Bruce's family donated $1,200 of the nearly $7,000 raised by Bet on Uncle Bruce to Kindles for Chemo.

In fact, that hefty donation propelled the Kindles for Chemo team past their $2,500 fundraising goal before they even had a chance to make a formal presentation on their project last week to a panel of judges at a recent English 10 class.

The students had already begun raising funds by contacting businesses, posting flyers throughout the community and creating the Facebook page. Although they've already surpassed their goal, the team has continued its fundraising. They recently gave a presentation at a Carroll Rotary Club meeting, and they were spearheading homeroom fundraising competition at Carroll Middle School, with Pizza Ranch supplying incentive prize coupons.

The students initially planned to buy Kindles for all nine chemo chairs in St. Anthony's infusion-therapy department, however, hospital officials told them six would be sufficient because usually not every chair's in use at one time.

Thanks to their fundraising success and having to buy fewer Kindles, the students now plan to buy higher-quality Kindles, which students envision patients using to read books, watch movies or use for many other applications.

"There are a lot of different things they (patients) can do with them to keep them entertained," Lexi Reicks said, adding, "It's something to do while sitting there because chemotherapy can be a very long process."

Lexi's mom, Jenny, was diagnosed with breast cancer three years ago and then underwent four chemo sessions, surgery, and four more chemo sessions. While the first set of chemo sessions took about an hour each, the last sessions lasted about four hours. Jenny said she spent time sleeping or listening to music on iPod. Also, her husband, Paul, arranged to have a manicurist visit the hospital and give Jenny manicures.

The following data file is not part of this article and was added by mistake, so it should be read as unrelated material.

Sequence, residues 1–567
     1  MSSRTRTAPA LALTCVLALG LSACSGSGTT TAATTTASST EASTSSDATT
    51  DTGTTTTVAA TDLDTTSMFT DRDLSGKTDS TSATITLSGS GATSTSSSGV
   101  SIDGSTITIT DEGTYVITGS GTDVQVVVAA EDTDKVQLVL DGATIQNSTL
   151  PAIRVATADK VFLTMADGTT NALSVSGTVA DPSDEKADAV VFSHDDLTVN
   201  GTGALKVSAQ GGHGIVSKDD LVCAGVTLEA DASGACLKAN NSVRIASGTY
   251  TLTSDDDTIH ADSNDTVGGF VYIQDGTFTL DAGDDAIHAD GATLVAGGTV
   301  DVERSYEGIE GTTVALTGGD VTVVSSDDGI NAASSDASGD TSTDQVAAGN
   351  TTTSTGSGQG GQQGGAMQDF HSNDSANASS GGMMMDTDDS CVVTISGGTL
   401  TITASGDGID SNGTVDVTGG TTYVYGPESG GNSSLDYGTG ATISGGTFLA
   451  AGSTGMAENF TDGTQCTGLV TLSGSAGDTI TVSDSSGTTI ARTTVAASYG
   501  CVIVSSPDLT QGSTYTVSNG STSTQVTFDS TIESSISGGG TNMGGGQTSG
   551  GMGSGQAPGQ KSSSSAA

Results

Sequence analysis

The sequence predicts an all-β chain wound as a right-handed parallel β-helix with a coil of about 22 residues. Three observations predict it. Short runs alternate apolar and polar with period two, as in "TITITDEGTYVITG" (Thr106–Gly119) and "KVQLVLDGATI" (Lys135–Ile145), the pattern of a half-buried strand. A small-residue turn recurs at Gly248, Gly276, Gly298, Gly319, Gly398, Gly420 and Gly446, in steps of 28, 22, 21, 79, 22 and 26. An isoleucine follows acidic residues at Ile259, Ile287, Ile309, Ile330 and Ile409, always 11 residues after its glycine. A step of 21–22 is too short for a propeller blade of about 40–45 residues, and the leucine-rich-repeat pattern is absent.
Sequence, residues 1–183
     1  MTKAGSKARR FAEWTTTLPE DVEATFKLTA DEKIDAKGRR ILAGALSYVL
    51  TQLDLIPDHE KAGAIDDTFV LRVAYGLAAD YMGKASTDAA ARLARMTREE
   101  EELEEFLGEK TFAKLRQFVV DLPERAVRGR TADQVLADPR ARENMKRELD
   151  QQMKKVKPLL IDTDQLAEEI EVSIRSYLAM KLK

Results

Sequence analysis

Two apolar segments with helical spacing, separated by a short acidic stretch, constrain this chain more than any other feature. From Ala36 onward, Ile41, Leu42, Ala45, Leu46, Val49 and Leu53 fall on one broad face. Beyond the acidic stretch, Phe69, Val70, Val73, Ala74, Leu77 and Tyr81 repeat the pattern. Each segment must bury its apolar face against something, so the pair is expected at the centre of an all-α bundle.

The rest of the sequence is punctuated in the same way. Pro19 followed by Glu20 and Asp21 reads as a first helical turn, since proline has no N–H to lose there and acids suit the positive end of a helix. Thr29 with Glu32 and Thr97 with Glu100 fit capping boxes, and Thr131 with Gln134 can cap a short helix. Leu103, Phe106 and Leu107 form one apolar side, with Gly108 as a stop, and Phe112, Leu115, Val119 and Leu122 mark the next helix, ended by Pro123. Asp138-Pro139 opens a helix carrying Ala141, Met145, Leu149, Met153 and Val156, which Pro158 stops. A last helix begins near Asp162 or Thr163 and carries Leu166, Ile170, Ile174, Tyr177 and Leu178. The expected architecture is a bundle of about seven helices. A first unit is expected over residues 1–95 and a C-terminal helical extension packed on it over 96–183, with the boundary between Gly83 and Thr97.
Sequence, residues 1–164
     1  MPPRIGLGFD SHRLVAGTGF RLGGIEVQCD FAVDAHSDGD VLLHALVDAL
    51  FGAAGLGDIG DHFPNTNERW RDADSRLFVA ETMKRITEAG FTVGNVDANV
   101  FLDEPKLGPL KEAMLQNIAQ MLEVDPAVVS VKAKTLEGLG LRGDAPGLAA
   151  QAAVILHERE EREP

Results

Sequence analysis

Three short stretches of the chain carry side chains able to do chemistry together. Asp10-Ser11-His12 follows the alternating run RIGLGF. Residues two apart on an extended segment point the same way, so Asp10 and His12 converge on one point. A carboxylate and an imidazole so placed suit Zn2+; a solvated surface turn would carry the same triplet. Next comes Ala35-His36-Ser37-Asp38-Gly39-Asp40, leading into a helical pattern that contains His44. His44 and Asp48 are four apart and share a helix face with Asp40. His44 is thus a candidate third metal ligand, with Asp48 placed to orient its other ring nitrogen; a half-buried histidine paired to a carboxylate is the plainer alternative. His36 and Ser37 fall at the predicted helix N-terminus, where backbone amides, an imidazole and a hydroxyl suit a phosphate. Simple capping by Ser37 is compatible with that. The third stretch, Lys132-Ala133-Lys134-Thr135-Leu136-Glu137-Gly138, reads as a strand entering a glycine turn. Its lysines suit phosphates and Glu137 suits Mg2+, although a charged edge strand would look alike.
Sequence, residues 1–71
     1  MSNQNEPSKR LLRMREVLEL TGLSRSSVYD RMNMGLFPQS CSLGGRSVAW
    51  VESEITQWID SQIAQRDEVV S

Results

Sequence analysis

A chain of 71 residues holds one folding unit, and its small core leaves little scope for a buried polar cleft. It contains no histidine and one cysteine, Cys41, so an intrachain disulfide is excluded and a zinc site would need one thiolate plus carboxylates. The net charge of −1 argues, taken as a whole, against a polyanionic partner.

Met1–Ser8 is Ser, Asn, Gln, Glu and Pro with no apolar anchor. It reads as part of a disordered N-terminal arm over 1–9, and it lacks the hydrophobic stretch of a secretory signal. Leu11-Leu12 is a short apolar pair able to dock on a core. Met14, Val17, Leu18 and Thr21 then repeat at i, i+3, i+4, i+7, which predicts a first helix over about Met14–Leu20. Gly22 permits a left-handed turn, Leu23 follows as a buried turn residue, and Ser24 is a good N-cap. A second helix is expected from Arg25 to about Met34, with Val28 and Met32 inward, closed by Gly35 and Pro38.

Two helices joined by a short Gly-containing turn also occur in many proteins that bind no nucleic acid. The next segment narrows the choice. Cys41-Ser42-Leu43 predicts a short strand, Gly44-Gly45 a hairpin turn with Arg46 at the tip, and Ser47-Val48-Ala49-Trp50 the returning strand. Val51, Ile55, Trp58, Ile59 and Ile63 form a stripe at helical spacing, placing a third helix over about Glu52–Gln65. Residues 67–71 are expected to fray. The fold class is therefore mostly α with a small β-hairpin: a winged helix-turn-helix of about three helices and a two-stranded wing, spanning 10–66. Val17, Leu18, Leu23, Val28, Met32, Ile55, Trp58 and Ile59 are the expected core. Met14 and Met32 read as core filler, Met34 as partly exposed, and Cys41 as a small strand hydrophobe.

Jenny, who's worked in accounting at Drees Co. 12 years and is a 1997 CHS graduate, said when Lexi told her she was the main inspiration for Kindles for Chemo, her first thought was "That's so sweet."

"I'm excited for them," Jenny said of the students. "Cancer is so prevalent right now in our area. It's a great thing for them to be doing."

Lexi proved to be a "big helper" at home during her treatment, Jenny said, adding, "She's been affected by (the experience), that's for sure."

Jenny is currently in remission and counting down the time to the five-year mark when she can be considered cancer-free.

"After five years, the doctor says, you can go have a bottle of champagne and lie on the beach in Hawaii. I'm waiting for that five-year mark," said Jenny.

CHS English teacher Boes launched the problem-solution unit eight or nine years ago, and a few years ago added a "real-world" emphasis.

She explained, "This can be local or global depending upon their (students') interests. Then they problem-solve to find a solution. Once that happens they have to create a plan making all the necessary arrangements and contacts. Once the plan is written, they begin to prepare for a presentation for a panel of judges, which consists of members of the community. This semester the panel included Jerry Rupiper (American Home Shield), Bev Schultes (United Bank of Iowa), Adam Schweers (Carroll mayor/Computer Concepts), Sonia Walsh (self-employed), Tammie McKenzie (CHS assistant principal) and Audrey Ingram (Daily Times Herald). The judges choose the winning teams. Those teams earn 50 points extra credit and the chance to implement their ideas."